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Wednesday, I will publish my 18th podcast, this one with NBA star, businessman, father and husband Pat Garrity (available on Apple, Spotify, etc). As I reflect on my conversations with my guests, one thread that runs through them all is the role of a) happenstance and b) response. Happenstance is random, response is often creative and intentional.

What initially attracted me to macro investing was the search to name the big economic forces. These forces, like technological innovation or deflation, could create and destroy companies or, even entire empires, like the British or the Soviet. However, I’ve come to see that the list of forces that overturned my guests’ lives was much broader than the ones I had studied as an investor.

For some, happenstance was being a child during a remarkably tumultuous historical period. My two-part interview with Gao Xiqing is a case in point. He describes being a teenager early in the Cultural Revolution and, at 13, riding China’s trains for thousands of miles with his younger brother as company! His ended up becoming a lawyer, in effect studying how the fair application of rules can reduce chaos. Similarly, Iskander Enikeev came of age at the same time his country, the Soviet Union, was imploding. He describes being “drunk” on freedom.

For others, chance was something unusual that happened in their home. Paul Cooke’s father took his own life. I asked if he was angry at his father. Paul answered in the negative. Instead, it made him curious about why someone would do such a thing in the first place. He also described how part of the allure of athletics was a sense it brought of “being in the moment.” We all crave flow. Paul’s life has been dedicated to finding it, that’s what makes the boats he coaches fly.

For others, happenstance was growing up without a lot of dough. No one choses to be born into a family with less resources. Eileen Murray and Roger Johnson each witnessed violence first hand. A difference was that Eileen grew up in a warm, supportive family and Roger was, in his own words, a latch-key kid. For Eileen, those early experiences seem to have translated into a street smartness, awareness of how money works and a sense that teamwork can achieve remarkable things. In Roger, these experiences manifested similarly, but also seemed to influence him prioritizing being the father for his own kids that he didn’t experience growing up.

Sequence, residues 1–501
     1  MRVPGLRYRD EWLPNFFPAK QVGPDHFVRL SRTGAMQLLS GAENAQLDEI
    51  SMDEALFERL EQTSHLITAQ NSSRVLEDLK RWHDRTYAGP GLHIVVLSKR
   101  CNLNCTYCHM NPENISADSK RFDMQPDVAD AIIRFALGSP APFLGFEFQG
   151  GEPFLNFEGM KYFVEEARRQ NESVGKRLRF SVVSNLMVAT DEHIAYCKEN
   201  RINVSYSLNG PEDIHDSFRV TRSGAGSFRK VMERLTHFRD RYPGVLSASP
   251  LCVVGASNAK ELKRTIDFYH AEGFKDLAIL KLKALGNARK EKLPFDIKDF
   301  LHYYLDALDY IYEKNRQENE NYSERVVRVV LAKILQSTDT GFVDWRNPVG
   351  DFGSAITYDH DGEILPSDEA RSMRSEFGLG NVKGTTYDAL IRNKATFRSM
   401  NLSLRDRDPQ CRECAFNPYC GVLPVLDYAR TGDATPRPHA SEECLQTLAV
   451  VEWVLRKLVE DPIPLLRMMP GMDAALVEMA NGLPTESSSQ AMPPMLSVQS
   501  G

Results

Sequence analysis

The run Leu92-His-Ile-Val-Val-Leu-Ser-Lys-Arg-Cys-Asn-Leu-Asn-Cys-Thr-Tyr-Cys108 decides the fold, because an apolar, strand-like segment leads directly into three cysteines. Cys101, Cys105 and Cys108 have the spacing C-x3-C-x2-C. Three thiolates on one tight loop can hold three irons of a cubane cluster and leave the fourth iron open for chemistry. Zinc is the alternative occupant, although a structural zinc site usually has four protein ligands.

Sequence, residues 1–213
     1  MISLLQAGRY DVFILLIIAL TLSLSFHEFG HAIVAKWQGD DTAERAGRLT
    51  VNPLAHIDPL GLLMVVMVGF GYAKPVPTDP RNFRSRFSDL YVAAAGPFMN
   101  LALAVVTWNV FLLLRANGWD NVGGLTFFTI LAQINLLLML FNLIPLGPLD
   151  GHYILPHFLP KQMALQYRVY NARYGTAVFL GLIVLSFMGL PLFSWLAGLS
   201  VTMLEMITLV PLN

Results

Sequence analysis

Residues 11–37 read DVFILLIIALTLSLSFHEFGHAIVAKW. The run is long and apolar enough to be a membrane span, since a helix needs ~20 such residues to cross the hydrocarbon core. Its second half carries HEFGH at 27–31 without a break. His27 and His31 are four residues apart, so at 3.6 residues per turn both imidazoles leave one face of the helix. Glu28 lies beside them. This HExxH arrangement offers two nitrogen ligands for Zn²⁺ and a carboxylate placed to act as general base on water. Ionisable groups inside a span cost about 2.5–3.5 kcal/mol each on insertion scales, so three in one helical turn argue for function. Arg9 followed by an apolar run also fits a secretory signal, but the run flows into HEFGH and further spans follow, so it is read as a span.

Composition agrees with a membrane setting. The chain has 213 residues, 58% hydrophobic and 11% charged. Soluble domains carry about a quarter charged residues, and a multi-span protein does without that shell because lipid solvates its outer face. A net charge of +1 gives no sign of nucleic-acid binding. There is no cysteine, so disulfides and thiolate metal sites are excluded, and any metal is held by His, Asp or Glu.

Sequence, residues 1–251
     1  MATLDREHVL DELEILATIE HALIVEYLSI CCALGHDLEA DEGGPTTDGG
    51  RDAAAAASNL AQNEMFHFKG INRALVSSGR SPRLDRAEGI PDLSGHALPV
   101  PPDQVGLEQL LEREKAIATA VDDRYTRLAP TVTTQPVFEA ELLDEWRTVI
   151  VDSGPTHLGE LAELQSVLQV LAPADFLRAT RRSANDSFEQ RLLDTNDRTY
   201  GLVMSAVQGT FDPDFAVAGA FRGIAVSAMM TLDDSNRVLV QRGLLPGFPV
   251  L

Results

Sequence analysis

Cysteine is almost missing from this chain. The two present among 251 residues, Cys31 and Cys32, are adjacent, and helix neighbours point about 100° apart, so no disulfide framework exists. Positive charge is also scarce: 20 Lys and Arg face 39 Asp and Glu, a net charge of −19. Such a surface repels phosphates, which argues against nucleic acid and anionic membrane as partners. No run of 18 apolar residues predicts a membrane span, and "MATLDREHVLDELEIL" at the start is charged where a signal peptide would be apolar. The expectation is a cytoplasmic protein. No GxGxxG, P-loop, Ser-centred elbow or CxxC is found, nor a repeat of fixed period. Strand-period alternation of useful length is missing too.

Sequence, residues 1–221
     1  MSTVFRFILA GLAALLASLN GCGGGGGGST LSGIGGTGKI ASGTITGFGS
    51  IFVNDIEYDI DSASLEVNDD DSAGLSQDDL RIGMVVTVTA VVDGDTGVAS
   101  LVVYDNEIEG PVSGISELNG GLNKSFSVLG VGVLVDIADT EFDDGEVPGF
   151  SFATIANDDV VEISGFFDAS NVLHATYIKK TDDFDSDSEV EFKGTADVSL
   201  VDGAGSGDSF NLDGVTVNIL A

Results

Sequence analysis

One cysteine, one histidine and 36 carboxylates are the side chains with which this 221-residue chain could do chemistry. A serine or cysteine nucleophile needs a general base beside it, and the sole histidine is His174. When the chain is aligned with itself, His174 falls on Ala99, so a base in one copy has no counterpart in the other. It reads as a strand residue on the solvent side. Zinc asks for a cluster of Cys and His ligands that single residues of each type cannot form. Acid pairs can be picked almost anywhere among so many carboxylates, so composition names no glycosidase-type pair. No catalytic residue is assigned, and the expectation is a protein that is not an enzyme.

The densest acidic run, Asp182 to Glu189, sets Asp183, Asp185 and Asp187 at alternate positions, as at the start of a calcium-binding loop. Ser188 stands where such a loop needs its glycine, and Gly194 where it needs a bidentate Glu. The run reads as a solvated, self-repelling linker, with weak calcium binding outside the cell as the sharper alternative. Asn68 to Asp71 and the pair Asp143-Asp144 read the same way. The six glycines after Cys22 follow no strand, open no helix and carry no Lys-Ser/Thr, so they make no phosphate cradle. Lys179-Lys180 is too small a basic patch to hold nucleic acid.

Sometimes happenstance is physical. Both Pete Beeman and Pat are unusually tall. Peter found his physical size intimidated others and he learned to be low key in social events so as not to rattle people. However, his sculptures are huge, which he said was a way of, in essence, sharing size in a way that people found engaging rather than scary. Pat describes being unusually athletic but then, in high school, sprouting to such a height that it seemed like a relatively logical step to start spending a lot of time with a basketball. Neither of them worked for their height, it just happened, like the Cultural Revolution. The response, the effort required to become a sculptor or a basketball player, is of course intense.

Finally, for some guests happenstance was encountering a foreign culture. Pierre-Yves’ father insisted that he learn two foreign languages, English and Spanish. This then would lead to an international career that spanned fighting in the Gulf War, marrying an American, interviewing rebels in Mexico and running a bank in China. Andrew Weiss was drawn to a particular culture, Russia, and his deep expertise has defined his career.

When I finished Raising a Thief, I suspected most people probably had an equivalent story, just not the time or inclination to tell it. I am now convinced that is true. Remarkable things happen to all of us, well outside of our control. Then it is up to us to decide how to respond.

In that regard, Covid is more happenstance, this one hitting all of us at once. Perhaps the last time the world went through such a simultaneous convulsion was World War II. How will we chose to respond? There is the invention of the vaccine, a miracle. I also sense a burst of creativity and risk-taking afoot. Covid is a stark reminder of how short our time here actually is and how fleeting the moments when we can put our hand to the tiller, as opposed to merely enduring a gale, be that gale economic, emotional or a pandemic.

If you have feedback on these posts or the podcast, please pass it along. If you know of others who you think would make good guests on the podcast, please let me know.

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